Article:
Though the VC-25As — essentially modified Boeing 747s — are commonly known as “Air Force One,” that callsign is only used for an aircraft when the president is on board. This began in 1953 after an incident in which the president’s plane and a commercial flight were both using identical call signs in flight, posing a safety hazard.
Governor Nathan Deal announced yesterday that Taurus USA will locate a new facility in Bainbridge, Georgia.
Taurus USA, a leading firearms manufacturer, will create 300 jobs and invest more than $22.5 million in infrastructure and operations to establish a firearms manufacturing plant in Bainbridge.
“Georgia’s strong manufacturing sector and business-friendly climate continue to attract industry-leading manufacturers like Taurus USA to our state,” said Deal. “With this investment, Taurus USA is highlighting some of the economic development assets available in the Bainbridge area, while also creating meaningful employment opportunities for the community. We welcome Taurus USA to Georgia, and we look forward to seeing how our highly skilled workforce will help the company grow and maintain its competitive edge.”
Taurus USA will build a new 200,000-square-foot facility in Decatur County with 180,000 square feet of space for manufacturing and 20,000 square feet of administrative space. New jobs will include skilled labor positions, administrative personnel, customer service representatives and management teams. Construction will begin in September 2018.
“The decision to move to Bainbridge, Georgia, is part of a long-term growth strategy,” said David Blenker, president and CEO of Taurus USA. “The ability to expand operations is critical for our U.S. business. This new facility will meet our demanding needs to increase production with the skilled workforce Georgia has to offer. We look forward to breaking ground in September 2018 to start the project.”
“We are very proud that Taurus USA has selected our community,” said Rick McCaskill, executive director of the Development Authority of Bainbridge and Decatur County. “This has been a team effort and we stand as a team ready to make the construction and staffing of their facility smooth and seamless.”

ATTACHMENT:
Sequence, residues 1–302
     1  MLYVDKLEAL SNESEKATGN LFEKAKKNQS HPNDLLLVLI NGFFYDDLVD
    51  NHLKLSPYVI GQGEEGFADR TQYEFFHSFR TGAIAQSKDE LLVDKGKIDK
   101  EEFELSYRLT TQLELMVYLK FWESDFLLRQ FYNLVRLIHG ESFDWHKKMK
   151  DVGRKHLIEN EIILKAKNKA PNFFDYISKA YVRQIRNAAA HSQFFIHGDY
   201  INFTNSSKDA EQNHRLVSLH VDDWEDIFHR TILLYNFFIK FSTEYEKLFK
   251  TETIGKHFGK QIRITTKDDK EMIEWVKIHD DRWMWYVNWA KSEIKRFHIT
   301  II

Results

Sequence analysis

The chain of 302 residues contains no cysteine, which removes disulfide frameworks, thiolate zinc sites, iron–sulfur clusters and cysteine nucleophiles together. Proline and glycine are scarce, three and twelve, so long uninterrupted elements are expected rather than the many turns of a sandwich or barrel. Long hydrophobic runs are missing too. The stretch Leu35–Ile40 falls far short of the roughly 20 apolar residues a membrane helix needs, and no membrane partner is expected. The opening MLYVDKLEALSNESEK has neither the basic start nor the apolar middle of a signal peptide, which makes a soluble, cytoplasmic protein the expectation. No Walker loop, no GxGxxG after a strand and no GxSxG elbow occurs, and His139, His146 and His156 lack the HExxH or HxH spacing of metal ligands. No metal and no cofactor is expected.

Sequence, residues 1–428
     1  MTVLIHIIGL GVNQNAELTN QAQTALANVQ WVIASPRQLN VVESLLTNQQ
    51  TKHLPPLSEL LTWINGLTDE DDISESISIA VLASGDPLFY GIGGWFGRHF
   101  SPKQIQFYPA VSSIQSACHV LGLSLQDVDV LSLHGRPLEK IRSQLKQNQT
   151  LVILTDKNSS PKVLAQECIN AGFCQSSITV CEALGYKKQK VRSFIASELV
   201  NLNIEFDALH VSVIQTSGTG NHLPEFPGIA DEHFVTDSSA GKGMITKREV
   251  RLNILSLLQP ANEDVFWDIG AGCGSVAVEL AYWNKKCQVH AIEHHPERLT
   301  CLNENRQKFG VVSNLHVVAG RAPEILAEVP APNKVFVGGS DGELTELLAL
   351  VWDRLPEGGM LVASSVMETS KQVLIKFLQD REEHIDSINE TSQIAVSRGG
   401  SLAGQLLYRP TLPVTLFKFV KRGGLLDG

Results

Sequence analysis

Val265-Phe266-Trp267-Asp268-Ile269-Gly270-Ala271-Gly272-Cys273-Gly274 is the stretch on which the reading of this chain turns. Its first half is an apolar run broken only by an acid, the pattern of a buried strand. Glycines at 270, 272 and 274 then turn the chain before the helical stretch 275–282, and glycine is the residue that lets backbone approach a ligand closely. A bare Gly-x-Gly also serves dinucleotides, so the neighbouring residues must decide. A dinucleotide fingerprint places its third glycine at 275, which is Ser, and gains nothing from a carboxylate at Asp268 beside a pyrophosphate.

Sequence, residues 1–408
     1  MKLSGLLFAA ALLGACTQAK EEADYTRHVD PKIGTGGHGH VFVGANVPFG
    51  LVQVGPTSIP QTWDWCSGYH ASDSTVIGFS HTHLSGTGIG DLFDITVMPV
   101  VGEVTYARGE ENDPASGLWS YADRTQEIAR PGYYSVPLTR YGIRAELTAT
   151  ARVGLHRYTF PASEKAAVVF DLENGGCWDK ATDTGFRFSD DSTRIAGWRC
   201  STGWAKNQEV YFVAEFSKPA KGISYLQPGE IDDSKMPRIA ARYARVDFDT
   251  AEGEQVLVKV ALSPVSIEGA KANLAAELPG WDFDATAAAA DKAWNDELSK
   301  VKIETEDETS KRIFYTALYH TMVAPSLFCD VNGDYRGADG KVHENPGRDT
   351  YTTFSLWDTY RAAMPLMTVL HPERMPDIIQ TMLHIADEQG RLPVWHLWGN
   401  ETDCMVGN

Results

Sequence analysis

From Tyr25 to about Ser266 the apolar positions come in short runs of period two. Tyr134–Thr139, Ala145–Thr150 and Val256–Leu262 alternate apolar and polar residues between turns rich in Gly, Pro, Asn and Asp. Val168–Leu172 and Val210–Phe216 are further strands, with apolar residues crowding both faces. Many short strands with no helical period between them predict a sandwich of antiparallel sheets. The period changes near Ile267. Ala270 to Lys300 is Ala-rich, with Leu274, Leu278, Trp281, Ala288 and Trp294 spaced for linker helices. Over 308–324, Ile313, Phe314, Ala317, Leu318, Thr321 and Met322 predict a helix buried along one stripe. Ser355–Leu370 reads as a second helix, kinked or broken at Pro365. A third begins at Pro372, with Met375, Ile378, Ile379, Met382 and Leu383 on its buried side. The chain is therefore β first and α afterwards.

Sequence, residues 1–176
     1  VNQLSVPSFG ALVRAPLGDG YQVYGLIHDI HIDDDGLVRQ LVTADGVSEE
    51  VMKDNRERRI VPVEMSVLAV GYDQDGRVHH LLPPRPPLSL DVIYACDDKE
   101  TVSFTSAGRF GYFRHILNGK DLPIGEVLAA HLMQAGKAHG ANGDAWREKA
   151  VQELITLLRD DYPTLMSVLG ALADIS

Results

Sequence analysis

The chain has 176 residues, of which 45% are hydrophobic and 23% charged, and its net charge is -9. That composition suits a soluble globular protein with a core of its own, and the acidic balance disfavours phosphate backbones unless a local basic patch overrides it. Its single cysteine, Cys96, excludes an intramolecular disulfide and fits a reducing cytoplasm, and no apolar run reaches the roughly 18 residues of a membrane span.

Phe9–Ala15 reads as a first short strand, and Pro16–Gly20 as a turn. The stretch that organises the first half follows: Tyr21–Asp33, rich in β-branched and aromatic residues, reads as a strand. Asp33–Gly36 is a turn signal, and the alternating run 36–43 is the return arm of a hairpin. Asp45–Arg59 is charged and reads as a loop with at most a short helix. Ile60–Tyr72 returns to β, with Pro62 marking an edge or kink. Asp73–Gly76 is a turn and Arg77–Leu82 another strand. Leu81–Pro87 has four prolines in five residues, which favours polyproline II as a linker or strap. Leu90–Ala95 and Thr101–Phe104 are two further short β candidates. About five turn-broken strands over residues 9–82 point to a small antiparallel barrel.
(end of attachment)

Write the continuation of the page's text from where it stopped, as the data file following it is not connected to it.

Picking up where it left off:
Georgia Department of Economic Development (GDEcD) Project Manager Tony Greene represented the Global Commerce Division in collaboration with Georgia Power, Georgia Quick Start and the Development Authority of Bainbridge and Decatur County.
“Taurus USA’s decision to locate to Bainbridge is not only a win for the community, but for the region,” said GDEcD Commissioner Pat Wilson. “Georgia has a long history in the manufacturing industry sector, and we are excited to add Taurus to the long list of manufacturers that are based here. I am confident that our thriving pro-business environment and unmatched logistics network along with the abundance of resources available in Bainbridge, including a skilled workforce, will allow Taurus to succeed in Georgia.”
Governor Deal announced via Twitter that he will meet with executives from Blue Cross Blue Shield of Georgia and Piedmont Healthcare in an attempt to break a deadlock in negotiations.
Earlier this week, Georgia Insurance Commissioner Ralph Hudgens held a meeting with the two sides.
Community Health Commissioner Frank Berry said the agency has been considering different options if Blue Cross and Blue Shield of Georgia don’t come to an agreement on a new contract.
When asked whether those options included a “re-enrollment’’ period, which would allow state employees who are Blue Cross members to choose a different insurer, Deputy Commissioner Andrew Johnson told GHN, “We’ve been doing our due diligence.’’
“We have heard they are close’’ to agreeing on rates, Berry said. “We’re not sure what the other issues are.’’
Gov. Deal was given a “Quilt of Valor” in honor of his military service by On Eagle Wings Quilts of Valor, according to the Gainesville Times.
Quilts of Valor is a nationwide nonprofit made up of volunteers who sew comfort quilts for active-duty military personnel and veterans as a way to thank them for their service to the U.S.
To nominate a service member, go to www.QOVF.org to request a quilt.
The Georgia Department of Economic Development also announced that Loloi, Inc. will locate a new facility in Cartersville, bringing nearly 200 new jobs.
The City of Atlanta’s ransomware attack has cost taxpayers at least $2.7 million dollars so far, according to the AJC.
Lieutenant Governor Casey Cagle has received the endorsement of the National Rifle Association in his bid for Governor, according to the AJC Political Insider.
The National Rifle Association endorsed Lt. Gov. Casey Cagle’s campaign for Georgia governor, weeks after he promised to “kill” any legislation that would benefit Delta Air Lines when it cut ties with the gun rights group.
The endorsement Thursday was no surprise – the group publicly thanked Cagle for his support in February – but it comes after another contender, Secretary of State Brian Kemp, wrote an open letter urging the NRA to stay neutral in the crowded race.
“At a time when the five million members of the NRA are under attack like never before, Casey Cagle has very publicly chosen to stand with us,” said NRA chief executive Chris Cox.
State Senator David Shafer, the leading candidate for Lieutenant Governor, will be cleared of allegations of impropriety by an investigation, according to the AJC.
The lawyer investigating claims that state Sen. David Shafer, a leading Republican candidate for lieutenant governor, persistently sexually harassed a veteran lobbyist cast suspicion on the allegation in a report obtained exclusively Thursday by The Atlanta Journal-Constitution.
Attorney Penn Payne wrote that her conclusion was that “it is more likely that Sen. Shafer did not make sexually harassing comments and demands to (the lobbyist) than it is likely that he did, and that it is more likely that the (lobbyist) has fabricated her allegations of sexually harassing conduct than it is likely that she is telling the truth.”